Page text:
Being sick is a wonderful thing.
I mean, well it isn’t, but when you’re lying in bed cuddling up to a bucket you do find that you have the opportunity to get some proper reading done. Those of you who remember me will know I am now in full time employment after graduating (yay!) and living in London (double yay!) so I’ll admit that I’ve been holding off on reading this book for two reasons.
1- When I read Rae Carson’s Girl of Fire and Thorns I stayed up all night and read it in one sitting. I slept the next day. (see previous review)
2- The only way I could get away with doing the above a second time for the second book in the series would be if I had a free weekend (which I don’t) or was on my deathbed with nothing else to do. (a-ha)
So yesterday I finally got around to reading the second book in Rae Carson’s trilogy (released this year, published by Gollancz) and I started with stupidly high hopes, hopes so high that nothing could possibly meet up to my expectations.
But Rae Carson is an amazing writer, and her second novel in theFire and Thorns trilogy matches up incredibly with her first. Having become a young Widow and Queen, Elisa is growing increasingly frustrated with the politics of her new home; the people hail her as a hero- so long as taxes stay low, and the other members of her government dismiss her as a child and don’t trust her. The only people around her who she can trust are her two ladies-in-waiting, Mara and Ximena, her stepson Prince Rosario and the Commander of her Royal Guard, Hector.
Oh, Hector. I’ve loved you since the very first book.
Not only is Elisa’s Quorum/Government doing their best to ignore her, but they’re also trying to marry her off (again). The country is unsettled and Elisa has yet to prove herself as more than a war hero, so a husband will give her the ‘stability’ she needs. Enter the dashing Conde Tristan from the Southern Territories. He’s intelligent, brave, and seems a perfect match as long as you don’t take into account that Elisa doesn’t love him… but no one is as they appear to be, and his own secret is one that has to come out sooner or later.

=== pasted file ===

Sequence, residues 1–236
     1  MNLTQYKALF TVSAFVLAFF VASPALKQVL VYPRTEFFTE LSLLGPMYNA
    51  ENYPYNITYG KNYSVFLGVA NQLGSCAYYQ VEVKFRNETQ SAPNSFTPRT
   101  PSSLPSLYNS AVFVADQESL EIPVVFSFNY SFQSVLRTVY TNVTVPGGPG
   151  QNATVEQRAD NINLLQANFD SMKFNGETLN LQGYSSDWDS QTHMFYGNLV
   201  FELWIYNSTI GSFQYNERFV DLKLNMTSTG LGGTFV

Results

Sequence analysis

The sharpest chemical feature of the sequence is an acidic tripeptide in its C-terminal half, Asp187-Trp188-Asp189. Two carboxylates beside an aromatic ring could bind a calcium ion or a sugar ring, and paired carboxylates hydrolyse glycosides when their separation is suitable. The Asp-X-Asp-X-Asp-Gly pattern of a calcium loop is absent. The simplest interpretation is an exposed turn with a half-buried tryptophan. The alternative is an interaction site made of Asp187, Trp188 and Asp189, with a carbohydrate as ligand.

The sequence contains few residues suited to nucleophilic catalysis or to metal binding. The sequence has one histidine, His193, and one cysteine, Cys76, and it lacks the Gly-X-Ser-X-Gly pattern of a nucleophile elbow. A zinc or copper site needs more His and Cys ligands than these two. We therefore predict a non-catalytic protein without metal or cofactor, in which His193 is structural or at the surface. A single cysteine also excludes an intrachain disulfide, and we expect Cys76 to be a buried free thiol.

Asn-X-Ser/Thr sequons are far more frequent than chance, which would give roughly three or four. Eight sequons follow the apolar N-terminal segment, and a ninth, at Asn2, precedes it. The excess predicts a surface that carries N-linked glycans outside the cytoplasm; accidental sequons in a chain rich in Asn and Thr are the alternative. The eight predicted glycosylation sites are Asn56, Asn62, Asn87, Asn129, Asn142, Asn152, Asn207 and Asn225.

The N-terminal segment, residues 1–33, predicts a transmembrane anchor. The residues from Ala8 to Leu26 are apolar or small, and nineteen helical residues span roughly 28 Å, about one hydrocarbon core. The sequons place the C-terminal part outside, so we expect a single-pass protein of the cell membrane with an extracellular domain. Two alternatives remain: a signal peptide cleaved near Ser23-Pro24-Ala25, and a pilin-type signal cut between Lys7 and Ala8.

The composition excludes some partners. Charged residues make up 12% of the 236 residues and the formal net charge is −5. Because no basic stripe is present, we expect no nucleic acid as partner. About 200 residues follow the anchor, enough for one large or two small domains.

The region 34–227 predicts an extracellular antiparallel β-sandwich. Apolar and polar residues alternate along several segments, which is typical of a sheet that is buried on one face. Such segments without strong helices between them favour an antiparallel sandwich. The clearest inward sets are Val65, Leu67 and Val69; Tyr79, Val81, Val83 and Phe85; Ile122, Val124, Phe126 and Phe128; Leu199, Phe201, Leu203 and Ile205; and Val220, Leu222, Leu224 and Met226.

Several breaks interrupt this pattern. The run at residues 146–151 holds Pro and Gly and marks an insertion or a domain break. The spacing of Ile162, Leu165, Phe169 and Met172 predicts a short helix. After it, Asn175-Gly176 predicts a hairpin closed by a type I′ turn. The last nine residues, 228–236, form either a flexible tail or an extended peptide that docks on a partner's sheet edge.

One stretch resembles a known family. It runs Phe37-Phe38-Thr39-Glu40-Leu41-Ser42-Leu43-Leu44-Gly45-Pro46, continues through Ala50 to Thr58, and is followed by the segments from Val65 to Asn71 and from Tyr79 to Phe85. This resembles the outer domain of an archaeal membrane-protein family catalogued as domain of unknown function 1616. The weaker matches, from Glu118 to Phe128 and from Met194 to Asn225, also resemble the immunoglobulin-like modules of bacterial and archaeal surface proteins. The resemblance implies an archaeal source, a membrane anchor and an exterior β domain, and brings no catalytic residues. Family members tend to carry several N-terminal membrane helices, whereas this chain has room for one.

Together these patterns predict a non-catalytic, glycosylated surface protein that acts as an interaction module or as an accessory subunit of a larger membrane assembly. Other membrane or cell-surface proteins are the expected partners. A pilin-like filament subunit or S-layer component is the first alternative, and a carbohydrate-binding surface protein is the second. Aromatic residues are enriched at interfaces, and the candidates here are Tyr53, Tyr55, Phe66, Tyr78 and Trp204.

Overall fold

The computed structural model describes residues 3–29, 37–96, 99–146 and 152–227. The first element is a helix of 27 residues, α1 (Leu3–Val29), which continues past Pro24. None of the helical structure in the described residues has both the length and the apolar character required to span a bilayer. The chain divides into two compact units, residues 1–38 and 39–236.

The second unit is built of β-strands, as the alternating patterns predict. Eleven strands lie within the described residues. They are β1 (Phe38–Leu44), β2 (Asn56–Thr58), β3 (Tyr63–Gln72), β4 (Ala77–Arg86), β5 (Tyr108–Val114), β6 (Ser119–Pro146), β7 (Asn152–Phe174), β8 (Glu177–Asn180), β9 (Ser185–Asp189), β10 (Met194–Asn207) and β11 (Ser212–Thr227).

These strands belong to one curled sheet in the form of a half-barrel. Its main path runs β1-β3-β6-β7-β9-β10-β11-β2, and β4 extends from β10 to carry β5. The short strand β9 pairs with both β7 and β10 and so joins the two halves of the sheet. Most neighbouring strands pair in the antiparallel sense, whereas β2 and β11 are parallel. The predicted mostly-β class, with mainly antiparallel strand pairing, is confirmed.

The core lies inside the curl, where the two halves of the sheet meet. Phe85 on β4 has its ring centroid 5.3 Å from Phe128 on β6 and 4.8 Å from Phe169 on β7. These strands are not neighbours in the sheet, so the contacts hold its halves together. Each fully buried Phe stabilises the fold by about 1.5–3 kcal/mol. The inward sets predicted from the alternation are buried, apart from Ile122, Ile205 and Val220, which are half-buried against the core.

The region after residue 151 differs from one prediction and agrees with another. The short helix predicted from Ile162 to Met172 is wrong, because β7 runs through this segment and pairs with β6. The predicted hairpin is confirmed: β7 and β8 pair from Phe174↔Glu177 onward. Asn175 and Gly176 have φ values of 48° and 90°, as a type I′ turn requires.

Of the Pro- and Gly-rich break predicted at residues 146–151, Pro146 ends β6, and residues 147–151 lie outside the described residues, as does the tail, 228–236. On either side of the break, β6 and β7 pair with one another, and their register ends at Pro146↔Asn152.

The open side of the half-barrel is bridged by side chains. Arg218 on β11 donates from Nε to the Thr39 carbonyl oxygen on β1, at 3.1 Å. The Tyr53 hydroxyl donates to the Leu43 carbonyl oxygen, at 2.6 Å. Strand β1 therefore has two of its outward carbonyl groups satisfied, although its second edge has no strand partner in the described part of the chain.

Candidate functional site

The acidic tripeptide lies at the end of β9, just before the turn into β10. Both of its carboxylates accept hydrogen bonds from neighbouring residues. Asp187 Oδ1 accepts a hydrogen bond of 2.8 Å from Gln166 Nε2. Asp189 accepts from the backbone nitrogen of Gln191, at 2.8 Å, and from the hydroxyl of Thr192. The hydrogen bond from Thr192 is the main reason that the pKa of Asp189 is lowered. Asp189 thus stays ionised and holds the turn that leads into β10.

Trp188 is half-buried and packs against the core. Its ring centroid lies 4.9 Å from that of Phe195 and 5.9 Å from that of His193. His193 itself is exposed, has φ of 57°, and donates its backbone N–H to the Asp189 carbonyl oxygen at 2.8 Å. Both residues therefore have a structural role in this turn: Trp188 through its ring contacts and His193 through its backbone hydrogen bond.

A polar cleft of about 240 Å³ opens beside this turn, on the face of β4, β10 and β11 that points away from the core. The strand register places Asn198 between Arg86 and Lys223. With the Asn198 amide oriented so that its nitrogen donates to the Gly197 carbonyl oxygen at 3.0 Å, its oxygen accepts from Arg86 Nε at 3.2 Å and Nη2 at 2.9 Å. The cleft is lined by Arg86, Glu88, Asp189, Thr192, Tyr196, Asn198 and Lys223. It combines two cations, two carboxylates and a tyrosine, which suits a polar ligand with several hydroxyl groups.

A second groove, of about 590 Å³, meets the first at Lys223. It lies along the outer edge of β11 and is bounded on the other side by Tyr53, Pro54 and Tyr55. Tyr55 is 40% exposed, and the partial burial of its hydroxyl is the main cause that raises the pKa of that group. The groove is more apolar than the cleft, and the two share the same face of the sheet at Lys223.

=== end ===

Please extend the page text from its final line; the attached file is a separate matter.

Not only that, but it appears Elisa didn’t quite manage to totally defeat the Invierne people in the last book, and after a rather public demonstration that involves a lot of fire, her position is weakened further by their bid to kidnap her.
And as if that wasn’t enough for the seventeen year old Queen/Widow/Mother/War Hero to be dealing with, there have also been several attempts on her life, which means she has more enemies than even Hector suspected. It might be time to start choosing some unlikely allies and keeping old friends at a more wary distance.
Everything about this story is a step up from the first; The politics are more secretive, Elisa’s enemies are more mysterious and more numerous, and the romance is more mature, more slow burning. I had a moment of horror before I began reading, wondering if, as sequels can do, this book would disappoint me, but it’s everything I hoped for and more; the plot is a continuation of the same story, but there’s new elements being introduced too. Elisa still makes mistakes, she still trusts the wrong people and still does the wrong things, but by the time this book ends she’s found her footing a little more, and she’s still that brilliant blend of surly teenager and brave young hero that made us love her in Girl of Fire and Thorns.
And now I’ve realised that the Final installment, The Bitter Kingdom, won’t be released until next year. That can’t be true. My heart won’t take it…